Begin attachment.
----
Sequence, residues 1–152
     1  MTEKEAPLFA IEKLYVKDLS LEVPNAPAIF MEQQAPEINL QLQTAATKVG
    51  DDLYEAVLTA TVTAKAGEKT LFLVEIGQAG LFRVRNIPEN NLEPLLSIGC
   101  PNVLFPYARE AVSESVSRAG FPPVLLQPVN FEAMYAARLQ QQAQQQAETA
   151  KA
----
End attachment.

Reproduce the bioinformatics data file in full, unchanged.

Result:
Sequence, residues 1–152
     1  MTEKEAPLFA IEKLYVKDLS LEVPNAPAIF MEQQAPEINL QLQTAATKVG
    51  DDLYEAVLTA TVTAKAGEKT LFLVEIGQAG LFRVRNIPEN NLEPLLSIGC
   101  PNVLFPYARE AVSESVSRAG FPPVLLQPVN FEAMYAARLQ QQAQQQAETA
   151  KA